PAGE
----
Steve Keen over de Eurocrisis en Hyman Minsky
Over Hyman Minsky
Minsky proposed theories linking financial market fragility, in the normal life cycle of an economy, with speculative investment bubbles endogenous to financial markets. Minsky claimed that in prosperous times, when corporate cash flow rises beyond what is needed to pay off debt, a speculative euphoria develops, and soon thereafter debts exceed what borrowers can pay off from their incoming revenues, which in turn produces a financial crisis. As a result of such speculative borrowing bubbles, banks and lenders tighten credit availability, even to companies that can afford loans, and the economy subsequently contracts.
This slow movement of the financial system from stability to fragility, followed by crisis, is something for which Minsky is best known, and the phrase “Minsky moment” refers to this aspect of Minsky’s academic work.
“He offered very good insights in the ’60s and ’70s when linkages between the financial markets and the economy were not as well understood as they are now,” said Henry Kaufman, a Wall Street money manager and economist. “He showed us that financial markets could move frequently to excess. And he underscored the importance of the Federal Reserve as a lender of last resort.”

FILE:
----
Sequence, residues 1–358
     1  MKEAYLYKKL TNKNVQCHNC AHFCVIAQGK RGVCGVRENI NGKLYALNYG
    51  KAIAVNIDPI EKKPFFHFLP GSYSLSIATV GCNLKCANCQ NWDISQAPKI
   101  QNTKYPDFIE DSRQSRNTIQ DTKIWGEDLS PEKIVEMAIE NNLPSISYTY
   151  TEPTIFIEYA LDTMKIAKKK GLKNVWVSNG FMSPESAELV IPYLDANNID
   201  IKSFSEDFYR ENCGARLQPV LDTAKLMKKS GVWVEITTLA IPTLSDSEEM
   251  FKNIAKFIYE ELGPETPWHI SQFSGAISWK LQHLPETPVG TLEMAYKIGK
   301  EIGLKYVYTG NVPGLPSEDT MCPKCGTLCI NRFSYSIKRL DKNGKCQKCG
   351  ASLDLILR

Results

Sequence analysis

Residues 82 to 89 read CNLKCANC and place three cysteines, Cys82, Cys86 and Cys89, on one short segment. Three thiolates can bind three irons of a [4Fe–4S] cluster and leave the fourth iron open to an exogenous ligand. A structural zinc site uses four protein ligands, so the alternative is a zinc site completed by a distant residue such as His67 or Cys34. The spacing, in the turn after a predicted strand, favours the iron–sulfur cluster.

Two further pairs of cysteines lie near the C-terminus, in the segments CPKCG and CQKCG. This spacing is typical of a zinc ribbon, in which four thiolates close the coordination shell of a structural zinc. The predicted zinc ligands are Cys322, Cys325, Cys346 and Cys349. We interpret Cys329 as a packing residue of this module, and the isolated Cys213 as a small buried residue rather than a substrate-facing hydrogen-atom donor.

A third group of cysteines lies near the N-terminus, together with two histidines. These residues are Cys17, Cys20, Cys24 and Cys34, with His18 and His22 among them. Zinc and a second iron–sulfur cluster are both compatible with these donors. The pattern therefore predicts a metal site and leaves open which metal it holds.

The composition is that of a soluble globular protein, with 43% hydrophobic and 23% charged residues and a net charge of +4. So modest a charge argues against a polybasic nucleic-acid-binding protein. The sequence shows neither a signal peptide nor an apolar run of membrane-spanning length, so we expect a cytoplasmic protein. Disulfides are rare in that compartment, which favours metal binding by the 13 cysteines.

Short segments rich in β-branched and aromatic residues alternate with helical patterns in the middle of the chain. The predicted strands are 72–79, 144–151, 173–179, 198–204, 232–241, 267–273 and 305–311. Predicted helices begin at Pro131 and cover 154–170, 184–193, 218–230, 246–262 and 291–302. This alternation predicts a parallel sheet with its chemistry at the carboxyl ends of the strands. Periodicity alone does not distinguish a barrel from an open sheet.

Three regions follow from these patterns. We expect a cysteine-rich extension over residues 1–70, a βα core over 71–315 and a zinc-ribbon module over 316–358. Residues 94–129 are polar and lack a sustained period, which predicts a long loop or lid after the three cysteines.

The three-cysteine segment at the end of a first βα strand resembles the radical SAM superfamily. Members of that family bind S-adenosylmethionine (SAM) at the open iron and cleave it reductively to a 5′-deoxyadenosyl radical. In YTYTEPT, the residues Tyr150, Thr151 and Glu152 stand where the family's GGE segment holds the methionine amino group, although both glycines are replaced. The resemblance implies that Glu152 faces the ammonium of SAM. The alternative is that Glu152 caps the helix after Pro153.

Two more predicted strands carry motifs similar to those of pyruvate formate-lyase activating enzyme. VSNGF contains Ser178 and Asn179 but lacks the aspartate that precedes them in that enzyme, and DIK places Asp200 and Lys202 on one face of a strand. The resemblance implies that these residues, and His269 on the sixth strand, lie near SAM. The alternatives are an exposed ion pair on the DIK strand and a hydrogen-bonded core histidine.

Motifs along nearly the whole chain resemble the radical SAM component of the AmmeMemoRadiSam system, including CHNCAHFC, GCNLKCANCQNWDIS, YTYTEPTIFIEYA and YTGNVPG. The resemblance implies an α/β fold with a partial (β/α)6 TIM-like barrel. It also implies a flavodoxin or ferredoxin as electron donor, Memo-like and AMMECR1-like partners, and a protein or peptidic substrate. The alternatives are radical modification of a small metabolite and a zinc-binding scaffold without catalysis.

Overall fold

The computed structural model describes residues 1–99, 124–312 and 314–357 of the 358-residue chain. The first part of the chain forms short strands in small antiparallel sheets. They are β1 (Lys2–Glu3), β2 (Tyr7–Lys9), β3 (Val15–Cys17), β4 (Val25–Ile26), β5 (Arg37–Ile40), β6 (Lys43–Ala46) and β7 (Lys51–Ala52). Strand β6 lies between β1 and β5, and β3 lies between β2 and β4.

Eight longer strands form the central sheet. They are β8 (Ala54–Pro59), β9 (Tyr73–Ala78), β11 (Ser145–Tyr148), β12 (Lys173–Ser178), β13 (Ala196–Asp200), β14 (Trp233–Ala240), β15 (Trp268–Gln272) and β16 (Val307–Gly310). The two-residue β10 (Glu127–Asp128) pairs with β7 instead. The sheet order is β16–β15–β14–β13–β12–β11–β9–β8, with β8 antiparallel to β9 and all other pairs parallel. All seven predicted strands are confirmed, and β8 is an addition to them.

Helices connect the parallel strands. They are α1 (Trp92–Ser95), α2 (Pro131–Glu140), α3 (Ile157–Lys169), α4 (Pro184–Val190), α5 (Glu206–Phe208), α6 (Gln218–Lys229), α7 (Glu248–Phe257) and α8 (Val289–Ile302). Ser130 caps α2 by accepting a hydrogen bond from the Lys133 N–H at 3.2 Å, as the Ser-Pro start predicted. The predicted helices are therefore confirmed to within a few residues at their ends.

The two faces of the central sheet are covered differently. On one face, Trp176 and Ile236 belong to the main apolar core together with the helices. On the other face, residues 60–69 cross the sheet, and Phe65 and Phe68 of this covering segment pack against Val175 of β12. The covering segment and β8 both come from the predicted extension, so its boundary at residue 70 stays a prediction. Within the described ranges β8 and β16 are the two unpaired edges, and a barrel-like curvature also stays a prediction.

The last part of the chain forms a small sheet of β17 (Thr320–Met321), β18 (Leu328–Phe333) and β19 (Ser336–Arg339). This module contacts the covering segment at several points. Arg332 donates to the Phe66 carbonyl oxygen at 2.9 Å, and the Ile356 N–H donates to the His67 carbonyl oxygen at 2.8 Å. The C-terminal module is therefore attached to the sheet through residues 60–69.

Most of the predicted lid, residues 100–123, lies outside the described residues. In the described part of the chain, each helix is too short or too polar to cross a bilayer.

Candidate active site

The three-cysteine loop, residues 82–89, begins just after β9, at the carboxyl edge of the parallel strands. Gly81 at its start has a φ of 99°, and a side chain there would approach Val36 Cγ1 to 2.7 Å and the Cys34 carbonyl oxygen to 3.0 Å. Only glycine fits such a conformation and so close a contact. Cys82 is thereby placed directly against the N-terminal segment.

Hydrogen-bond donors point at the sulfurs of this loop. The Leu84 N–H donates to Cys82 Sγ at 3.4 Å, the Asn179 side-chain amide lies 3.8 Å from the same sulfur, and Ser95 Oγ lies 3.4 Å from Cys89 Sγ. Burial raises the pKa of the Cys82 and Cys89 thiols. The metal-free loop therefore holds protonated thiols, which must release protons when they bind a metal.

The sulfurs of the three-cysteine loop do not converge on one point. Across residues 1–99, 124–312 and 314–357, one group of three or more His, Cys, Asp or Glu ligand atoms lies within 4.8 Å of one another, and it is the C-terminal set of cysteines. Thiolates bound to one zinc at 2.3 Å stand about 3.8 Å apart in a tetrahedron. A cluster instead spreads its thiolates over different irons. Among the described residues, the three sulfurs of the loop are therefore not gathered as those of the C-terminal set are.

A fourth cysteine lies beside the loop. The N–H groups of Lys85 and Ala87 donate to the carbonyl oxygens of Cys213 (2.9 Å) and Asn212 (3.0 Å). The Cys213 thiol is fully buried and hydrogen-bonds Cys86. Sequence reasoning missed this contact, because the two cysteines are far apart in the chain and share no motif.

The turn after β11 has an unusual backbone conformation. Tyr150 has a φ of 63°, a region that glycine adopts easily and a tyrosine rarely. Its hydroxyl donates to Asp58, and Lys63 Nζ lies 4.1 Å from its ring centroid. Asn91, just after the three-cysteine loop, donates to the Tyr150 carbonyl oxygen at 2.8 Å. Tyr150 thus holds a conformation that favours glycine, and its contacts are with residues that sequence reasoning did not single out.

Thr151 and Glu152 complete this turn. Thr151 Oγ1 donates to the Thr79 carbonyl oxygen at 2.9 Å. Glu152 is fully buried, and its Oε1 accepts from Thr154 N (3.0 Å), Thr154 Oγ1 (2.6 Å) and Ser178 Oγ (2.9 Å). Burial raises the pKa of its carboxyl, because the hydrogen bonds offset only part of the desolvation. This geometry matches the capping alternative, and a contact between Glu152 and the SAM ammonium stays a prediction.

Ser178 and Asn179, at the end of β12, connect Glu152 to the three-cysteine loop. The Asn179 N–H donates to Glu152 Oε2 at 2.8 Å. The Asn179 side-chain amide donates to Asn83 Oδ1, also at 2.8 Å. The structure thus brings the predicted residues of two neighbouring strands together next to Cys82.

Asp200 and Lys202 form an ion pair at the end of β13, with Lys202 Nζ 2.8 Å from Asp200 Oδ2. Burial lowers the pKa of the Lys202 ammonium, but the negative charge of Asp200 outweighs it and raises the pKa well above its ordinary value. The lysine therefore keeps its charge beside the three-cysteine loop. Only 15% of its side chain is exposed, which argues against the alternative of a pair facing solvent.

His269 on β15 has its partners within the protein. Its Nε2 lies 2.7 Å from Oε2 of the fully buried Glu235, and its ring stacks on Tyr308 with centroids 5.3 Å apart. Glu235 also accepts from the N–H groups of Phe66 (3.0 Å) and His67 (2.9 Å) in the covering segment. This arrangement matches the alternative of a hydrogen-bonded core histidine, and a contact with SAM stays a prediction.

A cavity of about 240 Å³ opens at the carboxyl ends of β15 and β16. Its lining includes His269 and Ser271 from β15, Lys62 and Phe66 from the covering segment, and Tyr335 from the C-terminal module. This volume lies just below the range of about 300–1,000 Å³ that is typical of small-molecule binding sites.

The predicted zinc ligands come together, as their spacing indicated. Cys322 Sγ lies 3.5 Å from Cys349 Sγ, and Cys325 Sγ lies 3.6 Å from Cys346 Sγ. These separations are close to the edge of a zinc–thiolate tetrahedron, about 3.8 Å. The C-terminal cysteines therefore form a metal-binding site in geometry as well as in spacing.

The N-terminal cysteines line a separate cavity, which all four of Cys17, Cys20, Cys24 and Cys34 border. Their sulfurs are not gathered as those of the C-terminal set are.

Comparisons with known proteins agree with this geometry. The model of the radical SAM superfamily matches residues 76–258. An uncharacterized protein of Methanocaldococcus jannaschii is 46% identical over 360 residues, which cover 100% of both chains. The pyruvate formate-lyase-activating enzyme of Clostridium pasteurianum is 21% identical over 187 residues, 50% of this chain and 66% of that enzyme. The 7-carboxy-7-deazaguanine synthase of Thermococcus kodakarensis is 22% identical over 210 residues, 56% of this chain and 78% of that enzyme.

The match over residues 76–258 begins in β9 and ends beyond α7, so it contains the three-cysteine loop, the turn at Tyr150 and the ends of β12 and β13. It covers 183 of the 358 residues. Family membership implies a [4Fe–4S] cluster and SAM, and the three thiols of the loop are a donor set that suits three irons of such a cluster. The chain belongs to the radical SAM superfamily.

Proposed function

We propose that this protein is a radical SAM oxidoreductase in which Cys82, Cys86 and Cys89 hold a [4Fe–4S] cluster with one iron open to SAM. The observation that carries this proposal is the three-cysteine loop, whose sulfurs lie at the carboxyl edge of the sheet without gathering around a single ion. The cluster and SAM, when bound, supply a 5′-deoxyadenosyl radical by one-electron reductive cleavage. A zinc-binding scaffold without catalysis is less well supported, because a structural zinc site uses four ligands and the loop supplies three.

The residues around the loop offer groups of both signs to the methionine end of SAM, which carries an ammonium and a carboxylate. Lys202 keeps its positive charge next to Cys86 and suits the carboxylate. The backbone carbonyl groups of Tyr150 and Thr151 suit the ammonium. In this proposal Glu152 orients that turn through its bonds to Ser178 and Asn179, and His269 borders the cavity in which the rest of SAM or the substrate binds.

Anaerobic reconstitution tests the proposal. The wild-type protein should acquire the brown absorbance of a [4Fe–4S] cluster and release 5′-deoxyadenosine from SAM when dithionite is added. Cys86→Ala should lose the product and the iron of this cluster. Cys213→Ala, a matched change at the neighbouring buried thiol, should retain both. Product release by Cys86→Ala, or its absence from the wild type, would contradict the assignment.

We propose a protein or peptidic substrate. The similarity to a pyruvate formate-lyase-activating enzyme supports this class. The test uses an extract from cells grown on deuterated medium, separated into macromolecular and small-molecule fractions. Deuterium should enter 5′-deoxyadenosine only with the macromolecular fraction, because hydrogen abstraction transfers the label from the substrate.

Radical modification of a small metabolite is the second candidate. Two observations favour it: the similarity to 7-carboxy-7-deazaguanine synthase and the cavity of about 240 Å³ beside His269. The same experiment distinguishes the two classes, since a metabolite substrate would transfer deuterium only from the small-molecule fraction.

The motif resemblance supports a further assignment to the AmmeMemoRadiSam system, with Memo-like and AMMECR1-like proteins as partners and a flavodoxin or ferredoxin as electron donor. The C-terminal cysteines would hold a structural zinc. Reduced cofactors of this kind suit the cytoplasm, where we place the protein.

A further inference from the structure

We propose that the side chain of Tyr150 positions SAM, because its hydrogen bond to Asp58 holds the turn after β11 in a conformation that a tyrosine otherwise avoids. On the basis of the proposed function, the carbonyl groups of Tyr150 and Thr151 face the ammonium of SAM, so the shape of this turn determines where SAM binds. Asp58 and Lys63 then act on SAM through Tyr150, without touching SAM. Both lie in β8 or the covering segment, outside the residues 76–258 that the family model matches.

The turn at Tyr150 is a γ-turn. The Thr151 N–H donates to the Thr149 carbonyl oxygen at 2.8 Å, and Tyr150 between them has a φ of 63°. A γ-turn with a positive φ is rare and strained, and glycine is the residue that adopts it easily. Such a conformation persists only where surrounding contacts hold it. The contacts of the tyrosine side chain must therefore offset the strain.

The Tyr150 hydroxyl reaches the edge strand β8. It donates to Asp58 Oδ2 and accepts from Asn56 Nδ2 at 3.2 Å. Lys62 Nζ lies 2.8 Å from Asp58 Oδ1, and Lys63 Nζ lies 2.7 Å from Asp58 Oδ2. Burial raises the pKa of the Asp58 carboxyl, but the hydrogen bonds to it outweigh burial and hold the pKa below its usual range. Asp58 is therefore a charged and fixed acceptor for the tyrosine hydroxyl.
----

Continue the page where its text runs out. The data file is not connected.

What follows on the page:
Minsky’s model of the credit system, which he dubbed the “financial instability hypothesis” (FIH), incorporated many ideas already circulated by John Stuart Mill, Alfred Marshall, Knut Wicksell and Irving Fisher. “A fundamental characteristic of our economy,” Minsky wrote in 1974, “is that the financial system swings between robustness and fragility and these swings are an integral part of the process that generates business cycles.”
Disagreeing with many mainstream economists of the day, he argued that these swings, and the booms and busts that can accompany them, are inevitable in a so-called free market economy – unless government steps in to control them, through regulation, central bank action and other tools. Such mechanisms did in fact come into existence in response to crises such as the Panic of 1907 and the Great Depression. Minsky opposed the deregulation that characterized the 1980s.
It was at the University of California, Berkeley that seminars attended by Bank of America executives helped him to develop his theories about lending and economic activity, views he laid out in two books, John Maynard Keynes (1975), a classic study of the economist and his contributions, and Stabilizing an Unstable Economy (1986), and more than a hundred professional articles.